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Thursday, August 25, 2011

Can Indian cricket turn the tides?

Finding a long-lost friend is like finding a lost treasure, and as I was basking in the glory of finding such a treasure that shared the bench-strength of our inimitable Santhome School X1 that conquered all the trophies that possibly could have been lifted, in came the black and bleak India – England test series. The shambolic performance of the Indians had already left many a fan high and dry. This long-lost friend was himself a fantastic all-rounder, who could bowl those stinging leg-cutters with such panache that batsmen had to be told that one of their bails was missing. He could pelt the ball around, and could even graft his way to play the anchor role with the bat, as he did wield his willow to good purpose. His tigerish prowls on the outfields had even yielded better results for me as when I had to roll-over my arms to deliver those second-class off breaks.

Such was his potentials, though he failed to make it big on the Indian cricketing scene.

Our email conversations had immediately swerved its way to cricket, and I was quick to query him as to the reasons behind the Indian debacle. Expecting a one-liner, I sat back and waited for his reply. Love for the game continues to rule this friend, as he came out with some idyllic measures that could prevent the Indian team from stooping to such low levels and register such lackluster performances. The Indian cricket team, at present, has incurred the wrath of millions, who were keen to see the team ride the crest of the winning streak furthermore. But my friend was pretty sure that Indian cricket will never take the West Indian way!

What were the measures that he suggested?

1. Time that Indian team played three practice matches before the start of a test series on a foreign soil, with the matches turning out to be a three-day affair, primarily to get used to the conditions before taking the big litmus test.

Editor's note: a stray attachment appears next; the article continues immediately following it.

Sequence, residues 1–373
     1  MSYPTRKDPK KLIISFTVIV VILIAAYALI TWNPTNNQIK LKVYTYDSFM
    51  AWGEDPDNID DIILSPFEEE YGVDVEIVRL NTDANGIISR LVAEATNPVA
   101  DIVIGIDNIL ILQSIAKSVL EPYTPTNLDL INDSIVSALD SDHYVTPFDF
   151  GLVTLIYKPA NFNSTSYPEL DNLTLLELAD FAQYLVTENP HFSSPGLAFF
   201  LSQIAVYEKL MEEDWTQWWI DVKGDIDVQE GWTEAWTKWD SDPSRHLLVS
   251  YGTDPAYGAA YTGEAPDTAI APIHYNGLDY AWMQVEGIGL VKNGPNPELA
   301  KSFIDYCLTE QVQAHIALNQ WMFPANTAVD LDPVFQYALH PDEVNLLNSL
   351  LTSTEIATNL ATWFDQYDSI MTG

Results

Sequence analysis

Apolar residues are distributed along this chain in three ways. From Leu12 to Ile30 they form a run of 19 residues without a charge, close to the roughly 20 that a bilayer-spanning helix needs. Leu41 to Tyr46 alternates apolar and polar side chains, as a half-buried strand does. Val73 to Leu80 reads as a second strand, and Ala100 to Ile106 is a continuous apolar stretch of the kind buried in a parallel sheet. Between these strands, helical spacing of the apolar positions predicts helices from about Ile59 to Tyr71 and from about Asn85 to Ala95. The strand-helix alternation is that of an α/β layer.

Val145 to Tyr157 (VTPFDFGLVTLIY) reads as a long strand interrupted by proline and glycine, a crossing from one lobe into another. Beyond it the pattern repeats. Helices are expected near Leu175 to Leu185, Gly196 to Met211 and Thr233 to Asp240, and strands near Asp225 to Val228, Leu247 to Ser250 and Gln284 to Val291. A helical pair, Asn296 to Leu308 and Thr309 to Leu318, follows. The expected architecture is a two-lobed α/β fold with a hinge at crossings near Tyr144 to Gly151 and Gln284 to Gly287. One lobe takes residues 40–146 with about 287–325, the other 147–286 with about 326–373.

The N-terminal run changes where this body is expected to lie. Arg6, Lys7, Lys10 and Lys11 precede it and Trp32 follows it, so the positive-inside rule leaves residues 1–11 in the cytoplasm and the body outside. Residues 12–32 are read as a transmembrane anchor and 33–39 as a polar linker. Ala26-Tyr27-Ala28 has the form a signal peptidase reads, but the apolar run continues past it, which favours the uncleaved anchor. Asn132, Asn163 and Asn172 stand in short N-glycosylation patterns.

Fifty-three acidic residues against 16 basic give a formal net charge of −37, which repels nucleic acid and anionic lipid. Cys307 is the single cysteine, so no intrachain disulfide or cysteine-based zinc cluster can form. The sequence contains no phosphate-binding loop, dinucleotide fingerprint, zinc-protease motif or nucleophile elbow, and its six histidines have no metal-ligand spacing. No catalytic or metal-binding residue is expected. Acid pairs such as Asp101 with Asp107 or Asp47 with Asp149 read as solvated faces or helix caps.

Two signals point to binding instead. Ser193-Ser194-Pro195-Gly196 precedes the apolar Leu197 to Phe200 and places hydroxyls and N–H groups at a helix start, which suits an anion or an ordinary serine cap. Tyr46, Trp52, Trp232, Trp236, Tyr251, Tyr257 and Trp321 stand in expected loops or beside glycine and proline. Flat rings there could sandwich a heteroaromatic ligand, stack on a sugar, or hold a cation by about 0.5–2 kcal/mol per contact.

2. Possibly, have a third opener in the playing X1 who could be playing at number 6 to get the better of the twenty overs of the second new ball. This would come in handy at places like S. Africa, England and Australia.

3. Prepare wickets in India like the ones that were laid in the late 70’s at Chennai, which did help the bowlers to bowl at the ribs of the batsmen. With most of the Indian batsmen susceptible to the short-pitched stuff, this could be the right way to come out of this jinx.

4. Breed a genuine all-rounder, who could prop up the middle-order and could be handy with the ball too, as in the case of Amit Mishra who outclassed the master, Sachin, during his stay at the crease at Oval. May be a Ravi Shastri in the making, as per my friend.

5. Spin bowling, which has been the backbone of our bowling attack for a long time has taken a severe beating, with no quality spinners available on the horizon. Romp in the services of Warne or Kumble at NCA as spin consultants to nurture and groom top quality spinners. This is sure to strengthen the cause for the five-bowlers-strategy for tests.

6. Have separate teams for test, one-day and the twenty-twenty matches.

My friend did miss out on other factors that bung a spanner into the works of the Indian team at England. Quality rest eluded the Indian cricketers, where they were hopping from one place to another to meet their schedules. The players were literally going through their motions rather than enjoying their stint at the ground. There was no third opener for this series, and the team didn't sound cohesive to bring out a spirited performance. M.S. Dhoni, for the first time, was out of his wits, and came a cropper in the end.

I could not fall in line with my friend’s thought concerning the all-rounder who could spin the opponents out of a match and who could pile up runs at a brisk pace, for, at this point in time, we need someone in the caliber of Kaps, who could mesmerize the opponents with his swing bowling, and who could bat the opponents out of a match!